• Own utensils / mug - this is probably the grossest part of the experience. I am not the biggest clean freak, but knowing that plates / cutlery were not cleaned properly (except with some water and wiped down with a tea towel that probably never got cleaned) was slightly ... uncomfortable to accept. I think I would have had greater piece of mind if I had brought my own cutlery, mug and plate. That being said I did not get food poisoning at all!


I'll be honest, the food in Mongolia is not great. It largely comes down to the fact that supermarkets have limited supplies, it will need to be quickly cooked by the tour guide and transported in the van without refrigeration. If you are not a fussy person then probably ignore this section. But below is what I did and what I would do differently if I had the chance.
  • Buy fruit at the supermarket - firstly it's healthy, especially since the rest of your diet won't be. Secondly, it won't melt in the van.
  • Don't buy too much chocolate - although chocolate feels like a treat, it isn't very glamorous when you end up licking it off from the wrapper as it has melted in the van.
  • Instant oatmeal / porridge (pre purchased in Ulanbaatar) - breakfast usually consisted of bread and jam / butter / nutella. If anything was left over, you would eat it the next morning ergo a lot of dry / stale bread. In hindsight, I should have brought instant porridge and made it with the hot water.
  • Museli bars
  • Hot sauce / condiment - food wasn't always great and having a condiment like hot sauce a) makes bland food taste better and b) it masks the taste of any food that doesn't taste good


  • Don't bring a laptop, chances are you won't use it and the chances of it breaking are quite high - I brought it and although I used it back in Ulanbaatar to edit photos, I really could have done without it. I ended up stressing a little about my laptop breaking as luggage was constantly jostled, thrown on the ground, etc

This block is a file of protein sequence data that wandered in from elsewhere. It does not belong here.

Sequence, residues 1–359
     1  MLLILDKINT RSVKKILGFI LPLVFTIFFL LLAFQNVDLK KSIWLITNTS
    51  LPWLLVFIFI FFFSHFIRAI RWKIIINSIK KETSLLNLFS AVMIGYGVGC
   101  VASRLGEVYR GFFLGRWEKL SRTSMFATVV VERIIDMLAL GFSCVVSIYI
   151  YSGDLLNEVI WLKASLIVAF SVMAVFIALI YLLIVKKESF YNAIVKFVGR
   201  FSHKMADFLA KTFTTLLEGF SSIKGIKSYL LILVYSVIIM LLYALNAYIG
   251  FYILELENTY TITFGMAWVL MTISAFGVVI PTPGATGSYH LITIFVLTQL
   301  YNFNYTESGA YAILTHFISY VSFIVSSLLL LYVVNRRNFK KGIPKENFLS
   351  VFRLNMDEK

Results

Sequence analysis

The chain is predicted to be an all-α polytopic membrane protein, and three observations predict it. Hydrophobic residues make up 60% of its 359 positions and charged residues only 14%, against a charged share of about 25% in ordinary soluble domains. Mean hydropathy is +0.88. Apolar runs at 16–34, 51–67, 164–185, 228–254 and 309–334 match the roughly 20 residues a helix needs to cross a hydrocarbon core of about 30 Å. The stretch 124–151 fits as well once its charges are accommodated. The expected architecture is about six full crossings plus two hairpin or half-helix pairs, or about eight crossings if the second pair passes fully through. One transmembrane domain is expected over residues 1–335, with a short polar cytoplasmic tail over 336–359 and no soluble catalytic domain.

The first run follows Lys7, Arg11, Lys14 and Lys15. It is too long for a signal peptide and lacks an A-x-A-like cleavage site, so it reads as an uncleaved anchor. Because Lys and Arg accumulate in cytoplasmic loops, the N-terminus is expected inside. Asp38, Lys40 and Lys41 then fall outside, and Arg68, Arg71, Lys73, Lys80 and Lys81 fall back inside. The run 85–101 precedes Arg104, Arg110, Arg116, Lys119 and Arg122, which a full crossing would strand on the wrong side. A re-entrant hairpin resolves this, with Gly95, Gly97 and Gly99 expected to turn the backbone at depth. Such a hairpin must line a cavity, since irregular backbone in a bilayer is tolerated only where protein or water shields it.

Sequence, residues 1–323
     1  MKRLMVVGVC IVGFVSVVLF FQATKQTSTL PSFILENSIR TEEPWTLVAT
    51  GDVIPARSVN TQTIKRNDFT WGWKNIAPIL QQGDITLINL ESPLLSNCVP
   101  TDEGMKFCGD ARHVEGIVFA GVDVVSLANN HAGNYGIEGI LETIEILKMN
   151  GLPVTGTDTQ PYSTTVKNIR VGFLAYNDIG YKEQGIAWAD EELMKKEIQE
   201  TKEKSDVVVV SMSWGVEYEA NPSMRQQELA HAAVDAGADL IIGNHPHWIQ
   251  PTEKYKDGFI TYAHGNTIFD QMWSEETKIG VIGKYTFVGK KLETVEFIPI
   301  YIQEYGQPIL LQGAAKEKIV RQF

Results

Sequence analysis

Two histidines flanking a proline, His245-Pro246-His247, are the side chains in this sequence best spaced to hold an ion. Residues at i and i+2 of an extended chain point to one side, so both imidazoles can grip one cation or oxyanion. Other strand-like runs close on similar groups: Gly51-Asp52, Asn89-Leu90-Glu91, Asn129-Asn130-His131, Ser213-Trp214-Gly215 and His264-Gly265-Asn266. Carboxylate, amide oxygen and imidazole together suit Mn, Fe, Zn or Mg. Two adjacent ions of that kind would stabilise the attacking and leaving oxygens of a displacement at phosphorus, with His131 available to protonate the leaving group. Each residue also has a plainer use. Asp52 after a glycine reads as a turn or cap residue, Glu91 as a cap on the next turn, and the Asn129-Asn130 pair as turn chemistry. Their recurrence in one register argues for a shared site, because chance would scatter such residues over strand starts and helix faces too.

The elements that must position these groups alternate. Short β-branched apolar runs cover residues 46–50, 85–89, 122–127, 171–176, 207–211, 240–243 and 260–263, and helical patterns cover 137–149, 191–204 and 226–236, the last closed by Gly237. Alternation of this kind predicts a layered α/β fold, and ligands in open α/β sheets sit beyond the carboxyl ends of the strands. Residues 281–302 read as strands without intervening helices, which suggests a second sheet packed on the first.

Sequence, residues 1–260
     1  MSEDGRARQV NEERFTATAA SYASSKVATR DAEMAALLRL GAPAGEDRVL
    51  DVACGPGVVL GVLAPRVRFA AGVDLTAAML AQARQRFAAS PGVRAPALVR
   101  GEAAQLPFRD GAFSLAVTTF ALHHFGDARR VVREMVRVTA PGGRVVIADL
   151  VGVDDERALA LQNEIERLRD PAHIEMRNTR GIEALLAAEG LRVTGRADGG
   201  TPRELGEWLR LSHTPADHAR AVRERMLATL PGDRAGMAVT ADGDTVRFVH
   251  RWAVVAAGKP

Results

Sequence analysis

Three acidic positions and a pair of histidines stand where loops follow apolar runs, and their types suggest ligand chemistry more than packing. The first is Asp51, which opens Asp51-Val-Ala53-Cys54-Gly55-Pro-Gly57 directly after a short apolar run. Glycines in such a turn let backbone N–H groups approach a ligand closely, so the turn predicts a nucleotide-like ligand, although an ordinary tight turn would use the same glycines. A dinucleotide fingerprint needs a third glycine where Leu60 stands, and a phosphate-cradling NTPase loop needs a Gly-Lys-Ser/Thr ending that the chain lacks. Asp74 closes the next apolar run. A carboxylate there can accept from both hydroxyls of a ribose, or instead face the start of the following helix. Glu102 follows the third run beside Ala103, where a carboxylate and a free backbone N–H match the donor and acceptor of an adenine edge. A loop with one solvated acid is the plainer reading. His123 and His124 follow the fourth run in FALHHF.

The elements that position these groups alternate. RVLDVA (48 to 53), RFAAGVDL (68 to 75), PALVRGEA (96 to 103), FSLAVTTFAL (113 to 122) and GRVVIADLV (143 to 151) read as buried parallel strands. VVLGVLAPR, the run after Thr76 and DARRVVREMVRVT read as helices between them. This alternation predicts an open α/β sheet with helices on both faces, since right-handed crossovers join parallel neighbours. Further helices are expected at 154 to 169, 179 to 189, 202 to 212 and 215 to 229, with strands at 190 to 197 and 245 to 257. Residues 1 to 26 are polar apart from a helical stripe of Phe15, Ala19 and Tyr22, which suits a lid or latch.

• Bring spare camera batteries- you will not have a chance to charge your electronics. And, on the odd chance that there are powerpoints they will all be occupied
  • Powerbank - life saver! I used it to charge my camera
  • Camera of course!
  • Don't bother bringing a power adaptor, all places have a wonderful multiplug powerboard which is great! That being said, if you are a little worried you will be caught out then bring one just in case.


  • Do not bring a suitcase unless you are happy to roll your suitcase over dirt / sand / grass.
  • Pack light, the vehicle does not necessarily have a lot of space and luggage will be packed in snuggly along with the food and other supplies.


  • MP3 Player / Ipod - Chances are that you will be in a vehicle for an extended period of time and it does get a little boring
  • Books / Audiobooks - I brought my Kindle which was a lifesaver! I read probably 5 novels over my 12 day trip during the downtime. I also had one audiobook loaded onto my phone for the car rides. I can't read on a moving vehicle (trains are the exception) as I get motion sickness. In hindsight, I should have loaded more audiobooks!

And most importantly, you definitely need to go with an open mind! Go with the flow because things won't go to plan and that is okay! You will most likely get to know people very intimately, moreso than the average person. You will be living and breathing the same air in a smallish enclosure for an extended period of time!

By the way, that camel from the photo is from camel hair handmade by a family in rural Mongolia. So cute!

If you have any other questions, feel free to comment below or send me an email at dignifiable[at]
Friday, 17 February 2017

My Experiences: Car Camping